• Inspection and compliance: The FDA is committed to innovating its inspection processes to
maximize efficiency, with a focus on applying resources in a risk-based manner.
• Imported food safety: Millions of food products enter the United States every year. In fact, the FDA
estimates that 15 percent of the U.S. food supply is imported, including 60 percent of fresh fruits
and vegetables and 80 percent of seafood. Because of this, FSMA legislation includes initiatives to
ensure imported food safety (including supplier verification activities), and gives the agency the
power to refuse a food product if a supplier refuses inspection as well as require certification that
imported products are in compliance with food safety standards.
• Response: The FSMA gives the FDA mandatory recall authority for all food products, a valuable
advancement in the agency’s ability to protect public health.
• Partnerships: The legislation encourages collaboration across food safety agencies, including
federal, state, local, territorial, tribal and foreign sectors, and supports activities that encourage and
facilitate this teamwork.15
The FSMA also includes provisions directing the FDA to “establish a system that will enhance its
ability to track and trace both domestic and imported foods. In addition, FDA was directed to establish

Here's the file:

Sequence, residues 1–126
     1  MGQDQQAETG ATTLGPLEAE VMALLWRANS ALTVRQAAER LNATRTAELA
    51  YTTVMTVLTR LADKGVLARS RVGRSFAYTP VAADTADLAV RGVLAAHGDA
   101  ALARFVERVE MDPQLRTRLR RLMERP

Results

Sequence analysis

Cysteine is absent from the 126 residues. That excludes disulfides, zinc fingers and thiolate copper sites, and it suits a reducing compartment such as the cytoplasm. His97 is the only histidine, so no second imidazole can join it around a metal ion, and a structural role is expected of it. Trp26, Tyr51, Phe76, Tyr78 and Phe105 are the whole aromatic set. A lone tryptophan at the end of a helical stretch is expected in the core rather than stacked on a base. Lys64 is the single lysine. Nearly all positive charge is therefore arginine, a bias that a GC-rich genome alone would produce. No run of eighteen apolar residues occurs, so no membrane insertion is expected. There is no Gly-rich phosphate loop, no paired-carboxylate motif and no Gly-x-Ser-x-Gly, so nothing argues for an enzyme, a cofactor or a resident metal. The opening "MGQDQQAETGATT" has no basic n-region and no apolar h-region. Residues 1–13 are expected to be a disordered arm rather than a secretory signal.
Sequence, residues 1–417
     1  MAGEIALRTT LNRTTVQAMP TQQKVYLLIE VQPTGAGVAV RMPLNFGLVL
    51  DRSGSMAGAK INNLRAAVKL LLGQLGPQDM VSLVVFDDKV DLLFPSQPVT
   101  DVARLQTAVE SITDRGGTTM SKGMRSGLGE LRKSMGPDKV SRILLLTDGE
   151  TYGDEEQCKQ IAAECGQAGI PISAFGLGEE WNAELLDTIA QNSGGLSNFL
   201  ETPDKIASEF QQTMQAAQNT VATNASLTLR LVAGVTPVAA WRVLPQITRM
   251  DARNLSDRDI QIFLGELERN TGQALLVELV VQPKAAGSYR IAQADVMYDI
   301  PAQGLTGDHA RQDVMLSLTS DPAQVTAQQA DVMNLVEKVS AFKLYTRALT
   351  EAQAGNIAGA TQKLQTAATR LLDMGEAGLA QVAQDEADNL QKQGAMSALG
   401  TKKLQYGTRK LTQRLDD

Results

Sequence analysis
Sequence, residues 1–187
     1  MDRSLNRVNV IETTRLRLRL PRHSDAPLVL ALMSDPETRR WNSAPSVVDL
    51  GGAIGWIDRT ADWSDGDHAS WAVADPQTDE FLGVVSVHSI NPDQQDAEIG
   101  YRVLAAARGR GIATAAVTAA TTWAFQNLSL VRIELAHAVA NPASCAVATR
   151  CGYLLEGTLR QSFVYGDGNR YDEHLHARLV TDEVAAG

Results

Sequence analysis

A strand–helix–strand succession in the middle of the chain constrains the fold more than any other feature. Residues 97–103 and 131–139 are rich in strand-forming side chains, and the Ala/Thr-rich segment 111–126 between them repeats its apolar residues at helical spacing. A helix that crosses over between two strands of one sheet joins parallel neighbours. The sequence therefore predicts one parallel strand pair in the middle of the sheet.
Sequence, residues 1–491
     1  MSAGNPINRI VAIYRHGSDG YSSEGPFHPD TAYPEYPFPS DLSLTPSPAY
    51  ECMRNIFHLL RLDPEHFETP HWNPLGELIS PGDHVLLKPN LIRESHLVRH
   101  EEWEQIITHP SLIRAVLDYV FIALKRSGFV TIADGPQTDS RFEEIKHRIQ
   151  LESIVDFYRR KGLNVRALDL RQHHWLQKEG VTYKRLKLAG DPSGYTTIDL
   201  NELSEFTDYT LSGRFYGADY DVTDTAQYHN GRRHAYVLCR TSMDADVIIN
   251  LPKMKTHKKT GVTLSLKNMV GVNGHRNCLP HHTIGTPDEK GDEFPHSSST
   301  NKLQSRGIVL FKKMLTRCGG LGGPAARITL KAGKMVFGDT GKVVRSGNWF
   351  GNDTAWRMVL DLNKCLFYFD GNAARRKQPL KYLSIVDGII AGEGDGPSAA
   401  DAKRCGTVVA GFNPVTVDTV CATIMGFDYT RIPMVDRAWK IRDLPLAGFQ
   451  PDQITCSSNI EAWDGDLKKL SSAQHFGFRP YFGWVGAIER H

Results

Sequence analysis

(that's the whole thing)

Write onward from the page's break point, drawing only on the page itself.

pilot projects to explore and evaluate methods to rapidly and effectively identify recipients of food to
prevent or control a foodborne illness outbreak.”16
Two pilot projects were required, with the intent to determine what data are most needed to trace a
widely distributed product back to a common source. One project was reserved for the processed
food sector, and another was focused on processors and distributors of raw fruits and vegetables.
Announced in September 2011, the Product Tracing Pilots were carried out through the FDA’s existing
contract with the Institute of Food Technologists (IFT). According to the FDA, “The pilot projects
were designed to explore and demonstrate methods for rapid and effective tracking and tracing of
food, including types of data that are useful for tracing, ways to connect the various points in the
supply chain and how quickly data can be made available to FDA. In addition to providing the findings